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How Independent Directors Can Help Mitigate Rising Fraud Cases

About 63% independent directors believe fraud cases will rise in the next two years, according to a report by Deloitte Touche Tohmatsu India.

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About 63% independent directors believe fraud cases will rise in the next two years, according to a report by Deloitte Touche Tohmatsu India in association with the Institute of Directors.

The growing focus on ethics and corporate governance within organisations has increased the importance of the role of independent directors, who are the key in the overall governance of the organization and are becoming vital in organization’s efforts to mitigate fraud and associated risks.

These sentiments are primarily due to large-scale remote working arrangements and cash flow crunch, leading to business considerations and sustainability of operations taking priority over other matters.

According to these directors, cyber crimes (24%) and financial statement fraud (21%) are amongst the most likely frauds to be experienced in the near future. Around 36% independent directors believe that organisations should focus on fraud prevention techniques to improve their FRM framework and minimize fraud risk.

“Over the years, the role of IDs has been evolving and enhancing, and regulators are placing increasing dependence on the vital role of IDs in good governance. IDs are chairing or are members in a majority of board committees, including the Internal Audit Committee. In the survey, IDs have shown keenness to take on a greater role in being an effective deterrent to fraud, mismanagement, and lapses in corporate governance. Of course, we will need to suitably prepare them for this additional role”, said Lt. Gen. J. S. Ahluwalia, PVSM (Retd.) – President, IOD who had written the foreword of the report.

For example, three-fourths of the respondents also believe that they could play a significant role in preventing, detecting, and responding to fraud. Around 54% indicate the need to be better equipped to discharge their duties, which included specific trainings on Fraud Risk Management (FRM).

While nearly 57% independent directors responded that their board had established an effective FRM framework, over one-fifth indicated the need to increase awareness amongst employees on ethics, integrity, and reporting fraud or misconduct issues to improve the FRM framework.

Nearly half of them also suggested that their organizations had a well-defined and clear incident response protocol to ensure swift actions upon fraud detection and its reporting.

Over the years, occurrence of large-scale corporate frauds in India has heightened the need to overhaul and strengthen the corporate governance framework to make India more competitive in the globalized world. This resulted in a series of legislation being enacted which enhanced regulatory requirements in dealing with and reporting on corporate fraud. The Companies Act, 2013, and the revised corporate governance norms of the Securities Exchange Board of India (SEBI) for listed companies, have placed significant accountability for fraud risk management on the Board of Directors and audit committee (including IDs).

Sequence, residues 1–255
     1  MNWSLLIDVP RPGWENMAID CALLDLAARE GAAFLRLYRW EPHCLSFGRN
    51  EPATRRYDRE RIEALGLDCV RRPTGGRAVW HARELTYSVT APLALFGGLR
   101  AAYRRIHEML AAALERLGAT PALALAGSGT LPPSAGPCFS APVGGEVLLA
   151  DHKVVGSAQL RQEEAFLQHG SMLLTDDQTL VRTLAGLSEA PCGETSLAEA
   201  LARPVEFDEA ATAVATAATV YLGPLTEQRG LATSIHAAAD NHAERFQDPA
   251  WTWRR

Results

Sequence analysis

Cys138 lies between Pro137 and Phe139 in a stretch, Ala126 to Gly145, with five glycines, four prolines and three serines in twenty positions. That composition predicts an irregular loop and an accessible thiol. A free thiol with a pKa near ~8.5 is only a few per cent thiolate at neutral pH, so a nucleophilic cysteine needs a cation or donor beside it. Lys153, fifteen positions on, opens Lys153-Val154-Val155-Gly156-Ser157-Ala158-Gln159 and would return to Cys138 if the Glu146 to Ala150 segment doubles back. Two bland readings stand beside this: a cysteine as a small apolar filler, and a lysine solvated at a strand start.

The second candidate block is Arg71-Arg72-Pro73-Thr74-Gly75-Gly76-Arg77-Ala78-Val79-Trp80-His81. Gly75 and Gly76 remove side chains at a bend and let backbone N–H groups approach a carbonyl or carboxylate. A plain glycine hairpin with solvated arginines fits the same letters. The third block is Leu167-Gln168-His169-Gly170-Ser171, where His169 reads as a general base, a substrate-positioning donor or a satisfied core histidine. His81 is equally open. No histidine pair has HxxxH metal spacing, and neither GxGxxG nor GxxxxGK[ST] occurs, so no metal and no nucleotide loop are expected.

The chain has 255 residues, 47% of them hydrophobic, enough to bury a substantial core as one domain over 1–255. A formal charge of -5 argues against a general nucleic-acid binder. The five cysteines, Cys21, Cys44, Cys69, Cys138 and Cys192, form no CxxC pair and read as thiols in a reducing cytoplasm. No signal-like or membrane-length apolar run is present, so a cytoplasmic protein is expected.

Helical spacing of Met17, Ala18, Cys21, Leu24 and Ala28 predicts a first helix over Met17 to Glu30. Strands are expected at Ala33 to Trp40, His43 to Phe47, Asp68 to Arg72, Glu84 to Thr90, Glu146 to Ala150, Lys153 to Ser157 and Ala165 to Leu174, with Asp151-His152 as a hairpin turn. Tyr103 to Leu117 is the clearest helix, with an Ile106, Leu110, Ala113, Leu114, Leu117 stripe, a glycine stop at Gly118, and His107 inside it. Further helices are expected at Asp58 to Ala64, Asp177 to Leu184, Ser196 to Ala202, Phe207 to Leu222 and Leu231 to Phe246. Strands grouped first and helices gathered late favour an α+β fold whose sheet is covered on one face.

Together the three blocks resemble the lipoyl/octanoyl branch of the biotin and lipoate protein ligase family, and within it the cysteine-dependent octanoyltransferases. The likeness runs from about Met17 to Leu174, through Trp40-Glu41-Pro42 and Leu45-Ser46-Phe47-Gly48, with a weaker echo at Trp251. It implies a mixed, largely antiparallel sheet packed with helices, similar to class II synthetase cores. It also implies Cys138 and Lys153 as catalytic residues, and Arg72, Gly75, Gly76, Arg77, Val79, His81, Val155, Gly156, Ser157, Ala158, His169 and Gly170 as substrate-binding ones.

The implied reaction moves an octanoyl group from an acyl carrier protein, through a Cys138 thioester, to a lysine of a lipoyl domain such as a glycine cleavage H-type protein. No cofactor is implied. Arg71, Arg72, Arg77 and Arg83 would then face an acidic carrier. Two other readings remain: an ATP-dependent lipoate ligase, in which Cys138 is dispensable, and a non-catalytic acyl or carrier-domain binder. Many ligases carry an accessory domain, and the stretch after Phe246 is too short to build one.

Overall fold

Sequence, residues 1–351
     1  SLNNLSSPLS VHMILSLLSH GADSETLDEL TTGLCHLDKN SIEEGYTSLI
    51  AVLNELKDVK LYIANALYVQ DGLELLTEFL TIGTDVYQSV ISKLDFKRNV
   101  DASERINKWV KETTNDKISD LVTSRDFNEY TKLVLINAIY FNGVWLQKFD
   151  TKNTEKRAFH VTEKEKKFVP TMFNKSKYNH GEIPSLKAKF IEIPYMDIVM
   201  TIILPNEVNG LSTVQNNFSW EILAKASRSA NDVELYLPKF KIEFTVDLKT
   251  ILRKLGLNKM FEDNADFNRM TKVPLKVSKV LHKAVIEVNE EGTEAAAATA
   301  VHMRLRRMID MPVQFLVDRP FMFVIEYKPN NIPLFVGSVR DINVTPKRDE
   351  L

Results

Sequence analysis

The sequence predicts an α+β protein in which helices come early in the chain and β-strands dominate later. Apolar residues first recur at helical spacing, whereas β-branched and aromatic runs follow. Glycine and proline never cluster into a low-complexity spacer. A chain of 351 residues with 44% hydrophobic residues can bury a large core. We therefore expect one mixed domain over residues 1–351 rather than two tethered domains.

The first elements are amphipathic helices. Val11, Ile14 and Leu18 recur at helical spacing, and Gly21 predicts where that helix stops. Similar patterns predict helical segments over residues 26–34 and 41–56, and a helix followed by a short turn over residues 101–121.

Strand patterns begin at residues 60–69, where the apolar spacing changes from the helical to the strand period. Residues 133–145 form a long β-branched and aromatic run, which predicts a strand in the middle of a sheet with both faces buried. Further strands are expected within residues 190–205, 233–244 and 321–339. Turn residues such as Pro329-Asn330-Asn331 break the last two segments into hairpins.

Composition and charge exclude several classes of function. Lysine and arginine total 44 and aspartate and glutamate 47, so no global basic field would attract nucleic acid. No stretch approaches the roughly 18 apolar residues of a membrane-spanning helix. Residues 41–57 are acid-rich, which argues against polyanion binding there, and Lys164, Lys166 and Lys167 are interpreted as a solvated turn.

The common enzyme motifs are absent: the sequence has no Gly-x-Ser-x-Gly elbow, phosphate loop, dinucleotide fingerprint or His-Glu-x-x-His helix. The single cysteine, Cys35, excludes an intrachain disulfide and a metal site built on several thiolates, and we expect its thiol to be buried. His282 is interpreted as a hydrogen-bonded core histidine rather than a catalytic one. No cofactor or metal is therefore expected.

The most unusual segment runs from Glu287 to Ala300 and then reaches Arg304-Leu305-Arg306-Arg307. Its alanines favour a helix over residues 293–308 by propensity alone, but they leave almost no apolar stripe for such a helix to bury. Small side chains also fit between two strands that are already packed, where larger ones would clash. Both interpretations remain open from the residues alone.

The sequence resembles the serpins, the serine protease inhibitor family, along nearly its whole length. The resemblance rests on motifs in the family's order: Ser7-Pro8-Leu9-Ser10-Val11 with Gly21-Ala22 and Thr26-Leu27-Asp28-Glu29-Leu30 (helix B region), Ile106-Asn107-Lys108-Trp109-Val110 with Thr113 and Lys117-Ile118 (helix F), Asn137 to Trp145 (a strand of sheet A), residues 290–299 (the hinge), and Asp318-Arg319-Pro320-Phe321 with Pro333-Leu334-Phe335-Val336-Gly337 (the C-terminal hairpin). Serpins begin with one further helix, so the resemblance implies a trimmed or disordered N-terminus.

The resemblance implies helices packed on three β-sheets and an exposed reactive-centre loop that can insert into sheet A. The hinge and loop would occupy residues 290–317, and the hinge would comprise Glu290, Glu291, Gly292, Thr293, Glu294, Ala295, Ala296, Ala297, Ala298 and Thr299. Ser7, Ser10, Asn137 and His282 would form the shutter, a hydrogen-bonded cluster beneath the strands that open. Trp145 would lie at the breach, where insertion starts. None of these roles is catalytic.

“Although there are multiple priorities for those charged with corporate governance, in our view, there is a need for IDs to reflect upon the level of their organisations preparedness to meet the challenges of fraud and misconduct in the current environment and accordingly should empower themselves to preserve organization value and fulfill their fiduciary responsibility,” said Nikhil Bedi, said Partner and Leader – Forensic, Financial Advisory at Deloitte Touche Tohmatsu India.

The report shows that Covid-19 has significantly disrupted business environment and has led to numerous challenges that have exposed corporates to fraud related vulnerabilities. A remote workforce also led to greater exposure to cybercrime, including data theft, breach, and intellectual property frauds.

In such a scenario, the study recommends independent directors need to:

  • Re-evaluate data protection policies – reassess technology and infra-structure solutions from security perspectives and ensure secured and resilient operations
  • Regularly monitor fraud and cyber-security threats
  • Deploy crisis management response mechanism
  • Be vigilant for financial statement fraud schemes
  • Board audit committee to have an effective anti-fraud and misconduct detection mechanism

IDs can play a significant role in pushing the agenda for periodical detailed assessment of organization’s risk management system to control cybercrimes, promote fraud risk management framework, knowledge and training, proper reporting protocol of whistle blowers. In safeguarding organisations against fraud, they need to act with the highest standards of vigilance and prudence,” sums up Atul Dhawan, Chairperson, Partner at Deloitte India.

To conclude, the extensive and widespread use of technology in business today while enhancing efficiencies has also provided openings for frauds and associated risks. In this environment, it is important that Independent Directors remain vigilant, prudent, and understands the risks of a virtual work environment. This responsibility, heightened in the post pandemic world and the evolving regulatory framework, will compel these directors to play a significant role in overseeing the fraud detection and prevention mechanisms, and also equip themselves with the knowledge of key risks and effects that such incidents could have on their organisations.


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